We know that many First Nations and First Nations schools are busy making plans to support continued learning opportunities for students while classes are suspended. The First Nations Education Steering Committee (FNESC) and First Nations Schools Association (FNSA) fully respect the authority of each First Nation to make decisions about the continued operations of their schools and staff during this time. We also recognize that community and school representatives best understand local needs and circumstances.
In order to assist you in carrying out this work, we have prepared a Suggestions for Continuous Learning document that shares some suggestions for engaging and easy to implement remote learning activities that require resources that families ideally have in their homes. We have also tried to identify learning opportunities for students and families who have varying access to the internet and online options.
- Suggestions for Continuous Learning, Edition 1 (pdf | docx)
- Suggestions for Continuous Learning, Edition 2 (pdf | docx)
- Suggestions for Families: Supporting Learning at Home (pdf | docx)
- Online Learning Resources: Review and Privacy Considerations (pdf)
Activities by Grade
We will be updating these resources over time and we encourage you to share your ideas for inclusion in future versions. FNESC staff are also available to support First Nations schools and communities in exploring continued learning opportunities further.
We wish you all the best and we welcome your feedback on this new document. First Nations schools and communities are invited to send feedback and activity ideas for possible inclusion.
Recognizing that First Nations have authority for the education of their citizens, including having full responsibility for their own schools, how First Nations choose to address continued learning while their schools are closed will vary from community to community.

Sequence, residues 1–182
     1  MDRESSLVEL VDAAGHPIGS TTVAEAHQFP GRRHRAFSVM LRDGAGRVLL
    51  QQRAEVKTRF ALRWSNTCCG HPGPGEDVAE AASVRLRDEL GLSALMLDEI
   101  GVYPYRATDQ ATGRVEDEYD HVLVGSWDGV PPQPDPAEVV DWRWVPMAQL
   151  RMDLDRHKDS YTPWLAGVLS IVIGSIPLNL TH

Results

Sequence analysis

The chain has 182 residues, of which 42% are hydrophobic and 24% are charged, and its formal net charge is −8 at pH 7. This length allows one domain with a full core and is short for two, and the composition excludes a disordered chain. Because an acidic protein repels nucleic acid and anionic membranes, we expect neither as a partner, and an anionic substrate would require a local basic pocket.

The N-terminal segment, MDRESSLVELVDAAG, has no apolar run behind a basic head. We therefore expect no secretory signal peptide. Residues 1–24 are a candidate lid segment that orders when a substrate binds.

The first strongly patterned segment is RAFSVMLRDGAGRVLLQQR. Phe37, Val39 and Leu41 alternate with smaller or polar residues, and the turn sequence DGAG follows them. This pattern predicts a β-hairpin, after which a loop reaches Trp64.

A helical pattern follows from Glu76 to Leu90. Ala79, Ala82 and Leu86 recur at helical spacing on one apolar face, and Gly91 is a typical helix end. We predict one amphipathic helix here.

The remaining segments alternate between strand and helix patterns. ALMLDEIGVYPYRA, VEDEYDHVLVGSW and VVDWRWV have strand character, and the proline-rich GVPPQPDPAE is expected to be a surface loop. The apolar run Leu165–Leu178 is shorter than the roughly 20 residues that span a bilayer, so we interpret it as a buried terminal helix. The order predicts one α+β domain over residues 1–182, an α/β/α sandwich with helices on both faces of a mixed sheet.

Within that context, this resource is intended to provide suggestions that teachers and education leaders can adapt and share with their families and students through mechanisms that best suit their particular circumstances.
This resource is being shared to offer guidance to First Nation and First Nation school representatives as they consider how to promote continued learning opportunities for students while their classes are suspended.
FNESC and FNSA fully respect the authority of each First Nation to make decisions about the continued operations of their schools and staff during this time of change. We also recognize that community and school representatives best understand local needs, circumstances, and decisions, including varying levels of family access to resources, technology, and connectivity, and differing opportunities for community and school staff to provide learning materials to students and families who might be restricted to their homes.
FNESC and FNSA acknowledge that it is up to First Nations to determine:
- whether school staff should continue working while classes are suspended, and if so whether they should work in the school or from home;
- whether all school and community facilities should be closed, including outdoor parks and playgrounds;
- whether school staff should be phoning / emailing / texting students and families directly; and
- whether packages of learning materials can be safely provided to families and students.
All of those factors will impact on what remote learning activities are possible.
Therefore, these suggestions and ideas are being shared with educators and education leaders in First Nations schools to be adapted and used as appropriate to benefit students and families in varying contexts.